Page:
This just left the drama of the Ursal versus Shapland game to play itself out on board 2. Dave took a draw from Darwin using the Semi-Slav himself in the corresponding fixture last season. This time around he decided not to repeat the line again in favour of the offbeat Albin Counter Gambit which is a recent addition to his repertoire. Darwin selected a fairly modest line in response and then allowed a variation in which he exchanged the queens off and held on to his extra pawn but allowed Dave good positional compensation.

The ‘Albin pawn’ on d4 proved to be a thorn in Darwin’s side as he struggled to activate his pieces.  Eventually Dave was able to open up the position for his bishop pair and at that point Darwin’s position started to go downhill. As always though Darwin fought tenaciously and clung on. Dave possibly missed a few small improvements in his attack but ultimately allowed his opponent to give back his extra pawn in order to reach a knight and pawns versus bishop and pawns ending.  At first it looked like Dave still had an advantage but, practically, it was very hard to make progress. Darwin offered a draw but by this stage it was clear Hebden would need a win to have any chance of even drawing the match. Dave played on but slowly, Darwin improved his position and as the players reached their last few minutes on the clock Darwin finally outplayed Dave and collected a full point.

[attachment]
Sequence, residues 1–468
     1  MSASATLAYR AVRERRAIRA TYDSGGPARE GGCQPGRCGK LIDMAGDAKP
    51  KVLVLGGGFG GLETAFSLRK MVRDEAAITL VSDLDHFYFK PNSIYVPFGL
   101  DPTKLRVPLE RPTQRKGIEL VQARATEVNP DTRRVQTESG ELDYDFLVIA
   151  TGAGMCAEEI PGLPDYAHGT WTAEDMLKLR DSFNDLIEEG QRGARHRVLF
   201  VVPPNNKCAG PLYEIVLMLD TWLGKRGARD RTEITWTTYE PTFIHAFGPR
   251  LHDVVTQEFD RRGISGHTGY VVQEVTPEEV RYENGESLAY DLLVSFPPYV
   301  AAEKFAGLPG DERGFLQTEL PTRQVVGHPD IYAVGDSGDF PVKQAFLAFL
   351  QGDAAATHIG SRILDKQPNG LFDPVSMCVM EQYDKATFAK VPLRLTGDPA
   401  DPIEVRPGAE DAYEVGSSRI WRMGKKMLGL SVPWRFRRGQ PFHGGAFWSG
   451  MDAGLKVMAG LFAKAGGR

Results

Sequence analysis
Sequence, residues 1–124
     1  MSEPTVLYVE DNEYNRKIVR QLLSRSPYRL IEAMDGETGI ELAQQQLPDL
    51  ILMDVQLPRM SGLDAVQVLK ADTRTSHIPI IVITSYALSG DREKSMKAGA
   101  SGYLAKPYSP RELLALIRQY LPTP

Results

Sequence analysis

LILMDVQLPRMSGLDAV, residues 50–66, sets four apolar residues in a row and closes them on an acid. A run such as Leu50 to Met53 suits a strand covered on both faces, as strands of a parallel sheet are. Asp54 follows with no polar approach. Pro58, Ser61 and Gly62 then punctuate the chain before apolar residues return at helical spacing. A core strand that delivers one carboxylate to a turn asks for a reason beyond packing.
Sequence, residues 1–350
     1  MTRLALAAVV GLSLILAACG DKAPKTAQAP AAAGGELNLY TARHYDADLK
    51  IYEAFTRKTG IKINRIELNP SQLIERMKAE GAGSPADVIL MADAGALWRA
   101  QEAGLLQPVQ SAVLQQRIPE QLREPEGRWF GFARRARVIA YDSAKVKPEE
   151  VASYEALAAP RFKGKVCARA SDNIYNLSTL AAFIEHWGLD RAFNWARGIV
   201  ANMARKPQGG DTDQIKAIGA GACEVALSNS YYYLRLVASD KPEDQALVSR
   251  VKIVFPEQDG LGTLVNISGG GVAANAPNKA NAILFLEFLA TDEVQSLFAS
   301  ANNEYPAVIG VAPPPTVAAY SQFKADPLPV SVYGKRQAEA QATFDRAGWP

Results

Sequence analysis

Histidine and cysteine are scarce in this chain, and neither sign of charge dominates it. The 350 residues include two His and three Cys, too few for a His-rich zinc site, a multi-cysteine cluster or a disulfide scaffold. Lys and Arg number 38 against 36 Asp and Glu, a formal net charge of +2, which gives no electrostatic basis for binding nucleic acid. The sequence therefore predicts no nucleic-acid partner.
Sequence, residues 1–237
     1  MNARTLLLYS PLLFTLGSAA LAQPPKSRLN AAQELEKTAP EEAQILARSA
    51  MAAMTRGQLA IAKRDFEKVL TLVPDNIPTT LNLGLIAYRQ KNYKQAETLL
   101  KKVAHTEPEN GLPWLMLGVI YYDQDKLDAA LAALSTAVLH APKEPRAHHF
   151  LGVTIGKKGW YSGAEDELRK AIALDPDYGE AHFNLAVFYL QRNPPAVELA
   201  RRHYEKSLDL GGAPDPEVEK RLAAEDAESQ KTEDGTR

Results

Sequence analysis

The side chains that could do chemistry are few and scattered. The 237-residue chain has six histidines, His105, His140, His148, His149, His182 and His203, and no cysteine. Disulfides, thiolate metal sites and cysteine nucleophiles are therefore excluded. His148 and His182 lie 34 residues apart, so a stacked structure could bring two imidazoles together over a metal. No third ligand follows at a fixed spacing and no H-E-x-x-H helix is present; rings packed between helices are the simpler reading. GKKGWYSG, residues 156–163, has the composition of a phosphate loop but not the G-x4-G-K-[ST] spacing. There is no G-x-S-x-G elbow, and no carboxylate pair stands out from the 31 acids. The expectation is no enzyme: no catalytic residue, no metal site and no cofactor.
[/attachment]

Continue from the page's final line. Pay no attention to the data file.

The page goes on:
The final match score sheet looked like this:

 Halifax ‘A’ vs. Hebden Bridge ‘A’
W.Somerset 0 — 1 A.Bak
D.Ursal 1 — 0 D.Shapland
R.Porter 1 — 0 A.Leatherbarrow
C.Velosa 1 — 0  M.Syrett
S.Scurfield 1 — 0 N.Bamford
4 — 1

There are just two games in the viewer today but I think readers will find them both of interest, particularly the chaotic game between Bill Somerset and Andy Bak. My thanks to Andy for taking the time to annotate this and send it in.

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  3 Responses to “Hot Toddy”

  1. Shame about your game Dave, I thought you played it really well but I guess all those trades into the minor piece endgame took the sting out of your initiative and allowed Darwin to hang on in there.

    • Yes the trade down didn’t help but my big opportunity was to play 30…Rf3+ instead of 30…Rxg3+. Annoying to miss out from such a dominant position. Even more so to lose but I think I can consoles self that I played pretty well.

  2. And another couple more 4-1 results this Monday gone.

    Does anyone know why Huddersfield has only played one match so far this season? There are 3 missing results on the Calderdale site. I know that the match against our B team was postponed at our captain’s request, but do not know about the other two.